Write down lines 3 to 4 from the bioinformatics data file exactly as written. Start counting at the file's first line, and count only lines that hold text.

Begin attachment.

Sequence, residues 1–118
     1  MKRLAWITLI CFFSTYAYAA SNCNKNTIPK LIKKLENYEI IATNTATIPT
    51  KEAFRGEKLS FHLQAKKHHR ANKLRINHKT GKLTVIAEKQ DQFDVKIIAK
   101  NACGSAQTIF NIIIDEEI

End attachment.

    51  KEAFRGEKLS FHLQAKKHHR ANKLRINHKT GKLTVIAEKQ DQFDVKIIAK
   101  NACGSAQTIF NIIIDEEI